Best Life: Helping homeless seniors
ORLANDO, FLA. (Ivanhoe Newswire) -- Loss of a spouse, loss of a house, loss of a job -- for thousands of baby boomers their golden years are not what they expected. In fact, we’re seeing a spike in the number of people over 65 who are homeless.
Even more shocking, a University of Pennsylvania study found senior homelessness will nearly triple from 40,000 to 106,000 in the next ten years. Advocates say much more low-income housing is needed. That’s why one woman is leading the way to help the elderly in her community.
“I do recall sleeping one night behind a dumpster,” said Linda Flores.
Flores lost her housekeeping job and her home after being hit by a semi.
“I lost everything,” she said.
Richard was an operations manager for 25 years until severe depression consumed him.
“I was addicted. I was depressed. I was stressed out,” he said.
Suzanna Clark’s husband died.
“I had a heart attack and a slight stroke,” said Clark.
Left with no place to go and no one to care for them until they met Isha Desselle, Founder & President of Turning Point Center.
“I knew I wanted to help elderly because they are the ones who’ve built this country,” said Desselle. “They are the ones who took care of us.”
Thirty-four years ago, she decided to change her life.
“I sold my home and everything that I had, put a down payment on this rundown apartment complex,” she said.
This 34-unit complex became the Turning Point Center. Seniors share an apartment, get healthy meals, free clothing, counseling, education, job training and help with getting ID cards like social security. Richard runs the kitchen and pantry.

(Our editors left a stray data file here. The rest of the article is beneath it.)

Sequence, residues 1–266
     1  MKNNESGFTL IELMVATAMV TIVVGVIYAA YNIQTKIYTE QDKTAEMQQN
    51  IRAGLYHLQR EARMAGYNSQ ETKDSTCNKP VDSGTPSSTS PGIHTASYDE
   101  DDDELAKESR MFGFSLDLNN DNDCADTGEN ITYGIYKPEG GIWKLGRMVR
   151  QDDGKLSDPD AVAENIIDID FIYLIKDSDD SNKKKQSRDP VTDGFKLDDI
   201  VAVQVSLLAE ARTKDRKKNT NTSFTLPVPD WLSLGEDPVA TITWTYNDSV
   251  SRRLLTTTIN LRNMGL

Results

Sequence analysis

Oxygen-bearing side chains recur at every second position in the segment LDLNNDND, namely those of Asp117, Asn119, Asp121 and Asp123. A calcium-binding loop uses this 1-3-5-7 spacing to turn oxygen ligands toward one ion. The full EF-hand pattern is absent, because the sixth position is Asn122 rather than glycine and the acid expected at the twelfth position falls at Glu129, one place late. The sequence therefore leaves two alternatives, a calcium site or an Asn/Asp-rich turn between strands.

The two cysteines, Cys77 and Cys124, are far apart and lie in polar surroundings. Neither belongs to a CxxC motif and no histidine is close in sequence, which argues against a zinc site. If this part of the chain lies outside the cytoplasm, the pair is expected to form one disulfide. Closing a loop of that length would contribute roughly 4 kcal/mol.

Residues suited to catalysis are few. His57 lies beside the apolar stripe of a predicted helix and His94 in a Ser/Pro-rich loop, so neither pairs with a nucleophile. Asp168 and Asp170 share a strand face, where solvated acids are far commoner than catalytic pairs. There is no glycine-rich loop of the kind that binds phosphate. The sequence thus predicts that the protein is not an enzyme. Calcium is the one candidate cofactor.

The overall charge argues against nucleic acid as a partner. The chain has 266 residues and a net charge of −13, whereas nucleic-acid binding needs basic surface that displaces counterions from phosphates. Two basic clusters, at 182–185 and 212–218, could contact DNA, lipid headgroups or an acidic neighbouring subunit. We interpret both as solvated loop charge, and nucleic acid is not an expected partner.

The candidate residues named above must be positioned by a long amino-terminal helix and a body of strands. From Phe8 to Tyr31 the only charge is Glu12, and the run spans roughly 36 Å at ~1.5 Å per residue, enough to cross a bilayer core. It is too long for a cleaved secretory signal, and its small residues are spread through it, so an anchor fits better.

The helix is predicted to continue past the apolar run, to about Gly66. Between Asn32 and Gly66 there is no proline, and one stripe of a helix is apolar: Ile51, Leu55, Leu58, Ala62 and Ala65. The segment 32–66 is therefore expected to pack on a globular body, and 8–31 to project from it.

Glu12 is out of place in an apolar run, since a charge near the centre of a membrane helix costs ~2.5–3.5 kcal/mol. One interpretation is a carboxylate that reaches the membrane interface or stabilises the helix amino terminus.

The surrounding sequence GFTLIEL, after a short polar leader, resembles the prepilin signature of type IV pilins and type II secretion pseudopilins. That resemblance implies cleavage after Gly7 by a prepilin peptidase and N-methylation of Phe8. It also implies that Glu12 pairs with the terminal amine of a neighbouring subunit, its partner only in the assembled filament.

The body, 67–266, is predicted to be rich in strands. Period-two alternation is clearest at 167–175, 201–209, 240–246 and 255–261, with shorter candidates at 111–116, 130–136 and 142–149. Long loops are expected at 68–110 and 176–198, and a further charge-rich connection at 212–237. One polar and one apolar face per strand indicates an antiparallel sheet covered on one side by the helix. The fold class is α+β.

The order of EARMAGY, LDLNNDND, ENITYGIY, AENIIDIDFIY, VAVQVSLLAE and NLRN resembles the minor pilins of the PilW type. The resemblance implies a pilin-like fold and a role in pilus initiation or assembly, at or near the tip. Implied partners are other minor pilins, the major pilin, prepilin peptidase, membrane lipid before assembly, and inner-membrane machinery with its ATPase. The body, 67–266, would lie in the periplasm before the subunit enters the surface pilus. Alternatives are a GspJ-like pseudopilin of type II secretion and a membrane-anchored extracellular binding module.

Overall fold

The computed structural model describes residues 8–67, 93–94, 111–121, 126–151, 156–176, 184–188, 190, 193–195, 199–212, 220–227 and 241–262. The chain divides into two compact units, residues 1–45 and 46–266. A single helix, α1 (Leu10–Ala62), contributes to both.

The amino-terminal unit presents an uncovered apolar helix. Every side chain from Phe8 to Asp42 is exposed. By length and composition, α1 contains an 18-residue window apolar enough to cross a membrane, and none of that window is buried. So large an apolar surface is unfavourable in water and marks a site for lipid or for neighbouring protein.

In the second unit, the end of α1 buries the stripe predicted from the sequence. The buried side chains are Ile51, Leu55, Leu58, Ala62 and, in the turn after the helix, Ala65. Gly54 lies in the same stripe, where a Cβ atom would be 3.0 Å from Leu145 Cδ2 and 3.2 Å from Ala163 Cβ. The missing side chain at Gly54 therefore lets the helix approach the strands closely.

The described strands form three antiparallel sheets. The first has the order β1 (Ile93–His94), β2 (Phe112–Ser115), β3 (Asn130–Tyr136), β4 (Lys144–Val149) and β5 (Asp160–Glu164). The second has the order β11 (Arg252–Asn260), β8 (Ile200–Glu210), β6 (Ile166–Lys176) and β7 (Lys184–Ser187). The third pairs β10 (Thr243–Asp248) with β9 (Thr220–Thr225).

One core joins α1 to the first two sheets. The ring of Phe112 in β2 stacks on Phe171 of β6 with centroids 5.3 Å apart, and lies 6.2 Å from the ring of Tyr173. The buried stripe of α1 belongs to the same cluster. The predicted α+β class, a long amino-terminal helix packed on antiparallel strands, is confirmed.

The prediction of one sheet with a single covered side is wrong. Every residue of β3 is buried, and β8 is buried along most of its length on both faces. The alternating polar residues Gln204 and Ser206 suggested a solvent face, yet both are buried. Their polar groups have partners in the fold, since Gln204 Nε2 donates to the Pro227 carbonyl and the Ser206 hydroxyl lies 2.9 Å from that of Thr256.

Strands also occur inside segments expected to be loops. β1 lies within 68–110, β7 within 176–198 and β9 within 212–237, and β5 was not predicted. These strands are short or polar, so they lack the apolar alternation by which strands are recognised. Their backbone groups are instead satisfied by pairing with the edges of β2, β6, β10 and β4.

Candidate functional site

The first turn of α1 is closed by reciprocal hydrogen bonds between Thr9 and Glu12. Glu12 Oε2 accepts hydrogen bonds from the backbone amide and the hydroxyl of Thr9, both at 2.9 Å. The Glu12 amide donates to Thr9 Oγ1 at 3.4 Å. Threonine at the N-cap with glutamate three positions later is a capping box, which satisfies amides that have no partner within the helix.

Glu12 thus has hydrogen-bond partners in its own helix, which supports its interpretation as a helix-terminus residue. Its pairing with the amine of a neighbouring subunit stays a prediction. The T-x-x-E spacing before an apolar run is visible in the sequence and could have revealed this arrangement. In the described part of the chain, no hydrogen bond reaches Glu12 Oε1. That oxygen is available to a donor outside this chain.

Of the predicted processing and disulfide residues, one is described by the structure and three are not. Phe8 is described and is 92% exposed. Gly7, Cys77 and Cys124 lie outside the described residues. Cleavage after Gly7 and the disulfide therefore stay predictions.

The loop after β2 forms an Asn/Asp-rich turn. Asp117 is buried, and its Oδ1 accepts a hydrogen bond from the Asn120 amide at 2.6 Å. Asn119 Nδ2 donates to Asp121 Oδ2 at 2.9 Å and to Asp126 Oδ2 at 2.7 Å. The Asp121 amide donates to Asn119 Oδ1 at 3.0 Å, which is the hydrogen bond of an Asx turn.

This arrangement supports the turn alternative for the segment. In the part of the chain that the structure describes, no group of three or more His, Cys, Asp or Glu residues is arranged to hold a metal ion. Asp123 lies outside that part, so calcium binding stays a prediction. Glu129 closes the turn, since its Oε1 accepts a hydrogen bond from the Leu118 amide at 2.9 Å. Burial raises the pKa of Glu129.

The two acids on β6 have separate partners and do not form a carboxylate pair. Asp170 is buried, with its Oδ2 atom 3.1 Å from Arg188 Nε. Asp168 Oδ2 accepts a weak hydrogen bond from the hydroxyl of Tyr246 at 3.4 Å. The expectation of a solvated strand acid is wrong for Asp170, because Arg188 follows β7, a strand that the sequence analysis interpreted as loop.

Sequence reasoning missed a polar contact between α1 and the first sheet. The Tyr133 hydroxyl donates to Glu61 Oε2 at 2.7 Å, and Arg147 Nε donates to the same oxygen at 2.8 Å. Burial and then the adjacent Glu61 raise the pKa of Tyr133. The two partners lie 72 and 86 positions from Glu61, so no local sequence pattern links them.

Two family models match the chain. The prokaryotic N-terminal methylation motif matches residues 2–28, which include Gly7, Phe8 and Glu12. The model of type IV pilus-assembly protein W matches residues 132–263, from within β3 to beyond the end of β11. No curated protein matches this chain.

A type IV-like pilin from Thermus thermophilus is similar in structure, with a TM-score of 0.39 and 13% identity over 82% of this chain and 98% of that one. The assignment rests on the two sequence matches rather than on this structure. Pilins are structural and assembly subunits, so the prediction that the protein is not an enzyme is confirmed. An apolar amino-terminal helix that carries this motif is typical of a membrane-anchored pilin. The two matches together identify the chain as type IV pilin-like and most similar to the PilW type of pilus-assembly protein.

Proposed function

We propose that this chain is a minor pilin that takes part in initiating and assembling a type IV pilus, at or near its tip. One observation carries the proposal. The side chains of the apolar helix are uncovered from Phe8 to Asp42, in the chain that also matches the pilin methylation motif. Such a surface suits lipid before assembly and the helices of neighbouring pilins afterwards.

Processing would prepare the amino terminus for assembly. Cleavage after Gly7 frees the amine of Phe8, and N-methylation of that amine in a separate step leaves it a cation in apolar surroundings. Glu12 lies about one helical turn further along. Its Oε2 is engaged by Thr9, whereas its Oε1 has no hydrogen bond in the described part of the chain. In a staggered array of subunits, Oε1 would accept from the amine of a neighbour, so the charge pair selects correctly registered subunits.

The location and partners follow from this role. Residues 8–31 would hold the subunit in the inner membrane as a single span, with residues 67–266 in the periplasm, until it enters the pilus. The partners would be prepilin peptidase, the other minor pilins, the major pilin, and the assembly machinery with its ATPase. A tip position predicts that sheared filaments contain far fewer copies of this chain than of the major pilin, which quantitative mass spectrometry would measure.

“It’s huge that you find something that helps you be productive. Everybody has a job,” he said.
Steve grows fresh veggies for the residents, and Dan Tolleson oversees transportation.
“I drive and pick up and deliver donations,” said Tolleson.
“We look for people who want to change their life. Not a person who wants to just come and just sit here,” said Desselle.
Seniors can stay for days or even years, the goal is to let our elders know that someone cares for them.
“I wanted my life to have meaning -- that I did something. But the truth is the people, the residents who live here, they’re honestly the ones who make this happen.” said Desselle.
The Turning Point Center is a non-profit. It costs about $250,000 a year to run. They get most of their money through grants and donations. Experts believe more places like this will be needed soon. Especially since the latest information from the census shows that younger baby boomers, now in their 50′s and 60′s, don’t have pensions or 401K accounts and about half of both women and men ages 55 to 66 have no retirement savings.
Contributors to this news report include: Marsha Lewis, Producer; Roque Correa, Videographer and Editor.
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